Opening with a succinct, incisive summary of various economists’ diagnoses regarding why jobs are disappearing, the authors insightfully observe that technology’s effects are generally ignored by economists, who mostly operate with dated, ever less relevant theories, paradigms, and models about how the world works. Still, as incisive as is this commentary—which is far superior to the vast majority of what has been written on the challenges of jobs disappearing—the role of place choice and changing place competitiveness are insufficiently addressed.
Mostly disregarded by economists is how the consequences of place choice and the technologies that have accelerated the expression of place choice have replaced the production of society’s goods and services, in the process transferring the places of work and the places of consumption. Significantly, many U.S. based companies are growing jobs—but in places outside of the U.S. And many U.S. based companies are increasing sales—but, again, much faster outside the U.S. Furthermore, the forces of globalization lead to C-level executive positions to be represented by an ever more diverse complement of executives—NOT from the US.
The authors develop the idea that the Information and Computer Technology (ICT) advances are the latest of four General Purpose Technologies (GPT), which each had broad impacts and stimulated cascades of innovations. Whereas the prior GTPs—steam power, electricity, and the internal combustion engine—were concerned with dramatically increasing manufacturing productivity (steam power), enhancing place experience (electricity), and extending personal mobility via transportation advances (internal combustion engine), the latest GPT, both bridging and connecting distant places, as ICT overcomes the constraints and limitations of distance and geography, so far has destroyed more jobs than it has created.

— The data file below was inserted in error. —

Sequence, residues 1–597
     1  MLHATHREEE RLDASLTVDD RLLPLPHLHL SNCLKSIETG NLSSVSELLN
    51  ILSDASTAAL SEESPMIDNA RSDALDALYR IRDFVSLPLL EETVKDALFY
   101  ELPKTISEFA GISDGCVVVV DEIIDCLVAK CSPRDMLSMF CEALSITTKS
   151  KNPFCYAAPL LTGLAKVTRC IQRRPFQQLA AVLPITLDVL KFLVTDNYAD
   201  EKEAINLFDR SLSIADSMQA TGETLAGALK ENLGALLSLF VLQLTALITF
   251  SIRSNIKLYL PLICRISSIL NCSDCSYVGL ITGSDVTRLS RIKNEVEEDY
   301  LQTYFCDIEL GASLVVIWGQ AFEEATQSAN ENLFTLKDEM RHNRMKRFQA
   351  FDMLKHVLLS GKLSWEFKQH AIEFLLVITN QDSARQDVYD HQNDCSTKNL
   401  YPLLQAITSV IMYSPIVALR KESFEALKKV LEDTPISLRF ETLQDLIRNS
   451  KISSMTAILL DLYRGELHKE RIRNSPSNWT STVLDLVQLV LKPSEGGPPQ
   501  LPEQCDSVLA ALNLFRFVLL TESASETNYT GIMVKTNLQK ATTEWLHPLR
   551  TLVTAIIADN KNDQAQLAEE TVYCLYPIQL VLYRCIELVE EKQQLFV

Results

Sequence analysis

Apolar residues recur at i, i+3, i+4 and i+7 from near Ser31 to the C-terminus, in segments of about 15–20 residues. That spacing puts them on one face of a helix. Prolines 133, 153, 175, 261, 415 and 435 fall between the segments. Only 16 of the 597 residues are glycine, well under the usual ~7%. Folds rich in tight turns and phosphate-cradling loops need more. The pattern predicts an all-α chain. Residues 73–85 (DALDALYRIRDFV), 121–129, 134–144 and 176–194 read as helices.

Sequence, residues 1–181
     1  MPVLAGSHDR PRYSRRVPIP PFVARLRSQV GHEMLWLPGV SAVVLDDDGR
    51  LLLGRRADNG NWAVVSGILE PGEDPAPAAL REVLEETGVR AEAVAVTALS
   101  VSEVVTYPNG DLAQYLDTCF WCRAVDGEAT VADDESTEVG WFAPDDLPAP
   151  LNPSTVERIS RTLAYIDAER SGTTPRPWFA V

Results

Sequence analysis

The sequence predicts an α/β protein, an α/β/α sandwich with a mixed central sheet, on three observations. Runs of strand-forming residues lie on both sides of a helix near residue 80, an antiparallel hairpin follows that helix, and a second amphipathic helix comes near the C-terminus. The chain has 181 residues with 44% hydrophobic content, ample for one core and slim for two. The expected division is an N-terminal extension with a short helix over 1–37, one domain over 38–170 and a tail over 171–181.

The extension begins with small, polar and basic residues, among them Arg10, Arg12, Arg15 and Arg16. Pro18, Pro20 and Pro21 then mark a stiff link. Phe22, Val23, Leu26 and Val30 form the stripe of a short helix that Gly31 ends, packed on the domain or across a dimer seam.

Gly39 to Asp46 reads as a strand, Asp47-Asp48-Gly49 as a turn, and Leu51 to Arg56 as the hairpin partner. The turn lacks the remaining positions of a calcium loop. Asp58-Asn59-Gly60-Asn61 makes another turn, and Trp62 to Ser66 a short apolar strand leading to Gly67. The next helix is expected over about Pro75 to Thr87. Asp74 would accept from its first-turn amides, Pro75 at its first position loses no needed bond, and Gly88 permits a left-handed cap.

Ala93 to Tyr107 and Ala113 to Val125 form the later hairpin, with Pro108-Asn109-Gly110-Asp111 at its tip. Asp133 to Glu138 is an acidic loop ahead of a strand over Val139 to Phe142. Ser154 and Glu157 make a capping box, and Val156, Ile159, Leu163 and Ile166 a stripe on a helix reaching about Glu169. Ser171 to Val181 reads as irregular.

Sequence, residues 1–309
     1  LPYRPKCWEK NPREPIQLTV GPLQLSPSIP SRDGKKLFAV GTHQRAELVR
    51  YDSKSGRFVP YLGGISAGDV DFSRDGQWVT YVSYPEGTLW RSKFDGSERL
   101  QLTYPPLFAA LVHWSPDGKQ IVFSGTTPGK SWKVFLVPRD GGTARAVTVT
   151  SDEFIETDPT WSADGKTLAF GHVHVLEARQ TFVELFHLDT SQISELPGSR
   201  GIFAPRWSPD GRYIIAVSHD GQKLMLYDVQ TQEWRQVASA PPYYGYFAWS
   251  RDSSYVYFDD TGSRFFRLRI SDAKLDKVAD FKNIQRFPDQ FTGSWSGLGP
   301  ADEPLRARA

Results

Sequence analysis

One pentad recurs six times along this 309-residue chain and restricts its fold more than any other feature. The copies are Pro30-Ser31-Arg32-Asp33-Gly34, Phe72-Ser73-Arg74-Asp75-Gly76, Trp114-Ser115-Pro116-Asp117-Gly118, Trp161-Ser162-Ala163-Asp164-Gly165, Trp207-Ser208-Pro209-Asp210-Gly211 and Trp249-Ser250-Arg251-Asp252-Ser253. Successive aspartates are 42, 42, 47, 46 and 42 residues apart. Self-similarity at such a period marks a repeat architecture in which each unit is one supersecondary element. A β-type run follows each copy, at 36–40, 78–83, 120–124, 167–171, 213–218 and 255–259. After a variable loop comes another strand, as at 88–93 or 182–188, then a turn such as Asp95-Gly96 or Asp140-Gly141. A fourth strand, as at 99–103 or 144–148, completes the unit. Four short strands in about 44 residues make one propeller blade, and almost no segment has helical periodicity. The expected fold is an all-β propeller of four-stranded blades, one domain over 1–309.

Indicative of the implications of how ICT threatens to have very different consequences than the positive, job stimulating outcomes of the three earlier GPTs, is the authors’ observation:
“In the 21st century, technological change is both faster and more pervasive. While the steam engine, electric motor, and internal combustion engine were each impressive technologies, they were not subject to an ongoing level of continuous improvement anywhere near the pace seen in digital technologies. Already, computers are thousands of times more powerful than they were 30 years ago, and all evidence suggests that this pace will continue for at least another decade and probably more. . . . each successive doubling in power will increase the number of applications where it can affect work and employment. As a result, our skills and institutions will have to work harder and harder to keep up lest more and more of the labor force face technological unemployment.”
Race Against the Machine is a most reasoned, logical assessment of the causes of job losses and the future of jobs. Since jobs are the number one issue of the day, everyone with a leadership responsibility for and who is concerned about the future of the country’s economy needs to read this book.
Supported and illuminated by a series of powerful graphic displays of key changes and realigned relationships, Race Against the Machine is simultaneously sophisticated, yet accessible, balanced in treatment and not ideologically tilted. And, the authors anticipate readers’ “What do I do now?” question by offering a number of actionable policy recommendations. This vitally important book merits the widest of readership.